I’ve only been able to watch the trailer on YouTube and also the interviews with the Director Cathy Henkel so I’m still waiting for a DVD copy to come my way soon so I can watch the film for myself. In any case the film revolves around the oil palm burning season in Indonesia, the dying population of orangutans, an oil palm farmer and a carbon trading entrepreneur from Australia.
I obviously become more interested in the film when I saw how the carbon trading entrepreneur Dorjee Sun was being portrayed as the solution to the environmental issues in Indonesia. And I must confess I was also interested in Dorjee also because of the fact that he’s my age which makes me wonder what I’m doing to contribute to our environmental issues in PNG. But that’s another story.
So since our carbon trading counter parts in PNG have been giving us their thoughts on what they want to do with our forests I thought it would be interesting to see how Dorjee was approaching his carbon trading plans for Indonesian Papua.
- “…the way its going to succeed is by making sure that no one in the entire community from the national government, to the provincial government, to the local community take more than their fair share. Because its only by an equitable balance that you will get full buying from everyone and that includes us and that includes the bank Merrill Lynch…”
- “…ultimately we’ve been thinking about ways to make it so its not handout. So the money will get to the people by the forests but we feel that its actually damaging to give the money without recourse…without strings…because if it seems to be money for free then people won’t appreciate it, they wont invest it, they wont learn the skills required to actually create a meaningful life…so we’ve been looking at micro-finance…”
- “…this is going to take much longer than anyone anticipated, its not going to be like a horse race its gonna be a marathon and its gonna take 30 years…it will happen its just a matter of patience and dealing with each step as it rises…”
- “…We’ll be continuing to invest in this project probably for the next 12 months with no real sign of return…how much money we’re gonna pull out at the end of the day? It all remains to be seen based on what happens with the first verification, which will show how much deforestation we’ve actually stopped, that will then give us an indication of how many carbon credits we have created…”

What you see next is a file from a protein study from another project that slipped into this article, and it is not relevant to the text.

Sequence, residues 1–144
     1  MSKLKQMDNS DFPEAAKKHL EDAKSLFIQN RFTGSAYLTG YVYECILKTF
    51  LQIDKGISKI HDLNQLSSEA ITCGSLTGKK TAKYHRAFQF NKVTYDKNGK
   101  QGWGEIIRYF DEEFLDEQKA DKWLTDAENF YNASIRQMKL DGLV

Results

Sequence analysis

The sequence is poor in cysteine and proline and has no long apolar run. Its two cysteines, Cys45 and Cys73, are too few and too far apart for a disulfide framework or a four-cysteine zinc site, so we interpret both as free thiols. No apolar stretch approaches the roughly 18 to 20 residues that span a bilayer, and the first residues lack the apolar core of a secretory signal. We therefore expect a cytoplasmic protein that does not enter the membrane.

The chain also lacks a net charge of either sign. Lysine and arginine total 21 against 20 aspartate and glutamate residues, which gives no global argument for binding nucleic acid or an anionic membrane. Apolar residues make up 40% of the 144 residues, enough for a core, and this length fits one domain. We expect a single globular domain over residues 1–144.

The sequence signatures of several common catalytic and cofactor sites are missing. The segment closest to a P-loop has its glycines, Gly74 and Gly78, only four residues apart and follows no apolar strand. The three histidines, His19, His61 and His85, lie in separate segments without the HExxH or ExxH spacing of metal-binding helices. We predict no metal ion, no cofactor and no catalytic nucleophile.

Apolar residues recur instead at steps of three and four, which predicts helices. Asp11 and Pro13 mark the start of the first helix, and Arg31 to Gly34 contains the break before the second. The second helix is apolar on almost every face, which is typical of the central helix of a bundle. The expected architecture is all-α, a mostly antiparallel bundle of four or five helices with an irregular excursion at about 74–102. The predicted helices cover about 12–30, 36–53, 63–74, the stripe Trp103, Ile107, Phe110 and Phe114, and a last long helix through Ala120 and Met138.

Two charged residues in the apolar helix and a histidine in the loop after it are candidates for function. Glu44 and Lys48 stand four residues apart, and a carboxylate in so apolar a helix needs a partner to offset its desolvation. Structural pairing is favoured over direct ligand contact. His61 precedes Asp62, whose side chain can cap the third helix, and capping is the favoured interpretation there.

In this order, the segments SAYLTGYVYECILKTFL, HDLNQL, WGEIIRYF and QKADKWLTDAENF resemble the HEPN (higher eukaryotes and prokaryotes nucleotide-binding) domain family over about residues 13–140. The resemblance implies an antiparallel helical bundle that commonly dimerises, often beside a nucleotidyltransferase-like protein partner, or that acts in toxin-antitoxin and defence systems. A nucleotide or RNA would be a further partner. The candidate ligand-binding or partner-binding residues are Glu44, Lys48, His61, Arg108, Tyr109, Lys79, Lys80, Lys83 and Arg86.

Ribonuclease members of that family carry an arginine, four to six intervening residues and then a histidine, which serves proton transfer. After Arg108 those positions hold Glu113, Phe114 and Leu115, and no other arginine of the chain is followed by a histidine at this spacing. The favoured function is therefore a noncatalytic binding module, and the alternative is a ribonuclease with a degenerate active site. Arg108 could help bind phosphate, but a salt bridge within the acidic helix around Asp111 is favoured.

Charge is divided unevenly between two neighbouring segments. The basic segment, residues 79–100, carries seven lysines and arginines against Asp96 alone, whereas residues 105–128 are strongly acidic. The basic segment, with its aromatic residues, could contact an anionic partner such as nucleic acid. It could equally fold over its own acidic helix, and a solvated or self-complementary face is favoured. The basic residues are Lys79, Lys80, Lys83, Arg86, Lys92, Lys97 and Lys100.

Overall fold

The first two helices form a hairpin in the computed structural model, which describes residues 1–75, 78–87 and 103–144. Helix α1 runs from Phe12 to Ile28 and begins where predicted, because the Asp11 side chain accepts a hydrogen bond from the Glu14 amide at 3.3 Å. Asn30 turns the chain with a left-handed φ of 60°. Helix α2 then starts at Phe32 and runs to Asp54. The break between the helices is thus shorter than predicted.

- “…12 to 18 months we should have credit to sell to the market and then at that point in time we’ll be able to start seeing some return as a commission from what we sell for the Governor, so yeah interesting times so like if I wanted to make money I’d probably go into a different business…the fact is that, there is no quick money here, the only way you’ll prove value is if you protect the forest for 30 years”
So certainly a different attitude and approach to what we’ve seen in PNG so far, but its good to see what other people in the same industry are doing to develop the carbon trading industry in our part of the world. You can read more about what Dorjee is up to here.
But just so you know after the Bali conference, Merrill Lynch signed the world’s first avoided deforestation deal with Dorjee’s company, Carbon Conservation. The proposal will save the 1.9 million-acre Ulu Masen forest in Aceh province, Papua and thereby protecting the endangered ecosystems and their inhabitants.
Then in November 2008 Dorjee achieved another of his goals. He brought Governor Irwandi of Aceh to California to meet Governor Arnold Schwarzenegger to sign a Memorandum of Understanding (MOU) to reduce forestry-related greenhouse gas emissions. This agreement is the first state-to-state sub-national agreement of its kind in the world and will help bring global attention to the urgency of saving Indonesia’s forests.
Dorjee has since won Environmental Finance’s “Carbon Finance Deal of the Year” award and in April 2009 was honored by the African Rainforest Conservancy for his work. They also named a newly discovered species of chameleon from Tanzania after him.
In May 2009, Dorjee was named as one of 10 young leaders who have demonstrated the ability to come up with fresh ideas, directions and solutions in the Weekend Australian Magazine’s Next 100.